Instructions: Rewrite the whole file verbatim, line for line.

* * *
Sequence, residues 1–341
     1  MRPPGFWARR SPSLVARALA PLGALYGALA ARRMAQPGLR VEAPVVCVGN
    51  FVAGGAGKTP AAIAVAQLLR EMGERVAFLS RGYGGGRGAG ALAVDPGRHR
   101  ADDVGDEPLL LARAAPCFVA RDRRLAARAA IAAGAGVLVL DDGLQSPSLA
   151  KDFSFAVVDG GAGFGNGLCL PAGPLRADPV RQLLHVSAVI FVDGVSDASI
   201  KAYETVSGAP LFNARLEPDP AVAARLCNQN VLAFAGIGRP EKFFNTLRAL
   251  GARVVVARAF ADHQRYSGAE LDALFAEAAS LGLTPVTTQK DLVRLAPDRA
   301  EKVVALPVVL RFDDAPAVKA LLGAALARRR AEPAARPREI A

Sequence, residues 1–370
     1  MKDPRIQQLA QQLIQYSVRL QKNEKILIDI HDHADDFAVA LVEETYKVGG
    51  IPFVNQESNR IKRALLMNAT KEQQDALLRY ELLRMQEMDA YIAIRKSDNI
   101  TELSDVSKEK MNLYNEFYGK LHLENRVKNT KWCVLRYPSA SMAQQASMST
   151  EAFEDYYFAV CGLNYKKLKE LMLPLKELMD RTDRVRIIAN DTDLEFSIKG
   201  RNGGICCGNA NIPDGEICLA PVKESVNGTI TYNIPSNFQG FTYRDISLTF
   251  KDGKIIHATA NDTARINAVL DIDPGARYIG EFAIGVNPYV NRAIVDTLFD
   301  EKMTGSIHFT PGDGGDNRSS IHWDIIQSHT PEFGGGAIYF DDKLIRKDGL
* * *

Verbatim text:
Sequence, residues 1–341
     1  MRPPGFWARR SPSLVARALA PLGALYGALA ARRMAQPGLR VEAPVVCVGN
    51  FVAGGAGKTP AAIAVAQLLR EMGERVAFLS RGYGGGRGAG ALAVDPGRHR
   101  ADDVGDEPLL LARAAPCFVA RDRRLAARAA IAAGAGVLVL DDGLQSPSLA
   151  KDFSFAVVDG GAGFGNGLCL PAGPLRADPV RQLLHVSAVI FVDGVSDASI
   201  KAYETVSGAP LFNARLEPDP AVAARLCNQN VLAFAGIGRP EKFFNTLRAL
   251  GARVVVARAF ADHQRYSGAE LDALFAEAAS LGLTPVTTQK DLVRLAPDRA
   301  EKVVALPVVL RFDDAPAVKA LLGAALARRR AEPAARPREI A

Sequence, residues 1–370
     1  MKDPRIQQLA QQLIQYSVRL QKNEKILIDI HDHADDFAVA LVEETYKVGG
    51  IPFVNQESNR IKRALLMNAT KEQQDALLRY ELLRMQEMDA YIAIRKSDNI
   101  TELSDVSKEK MNLYNEFYGK LHLENRVKNT KWCVLRYPSA SMAQQASMST
   151  EAFEDYYFAV CGLNYKKLKE LMLPLKELMD RTDRVRIIAN DTDLEFSIKG
   201  RNGGICCGNA NIPDGEICLA PVKESVNGTI TYNIPSNFQG FTYRDISLTF
   251  KDGKIIHATA NDTARINAVL DIDPGARYIG EFAIGVNPYV NRAIVDTLFD
   301  EKMTGSIHFT PGDGGDNRSS IHWDIIQSHT PEFGGGAIYF DDKLIRKDGL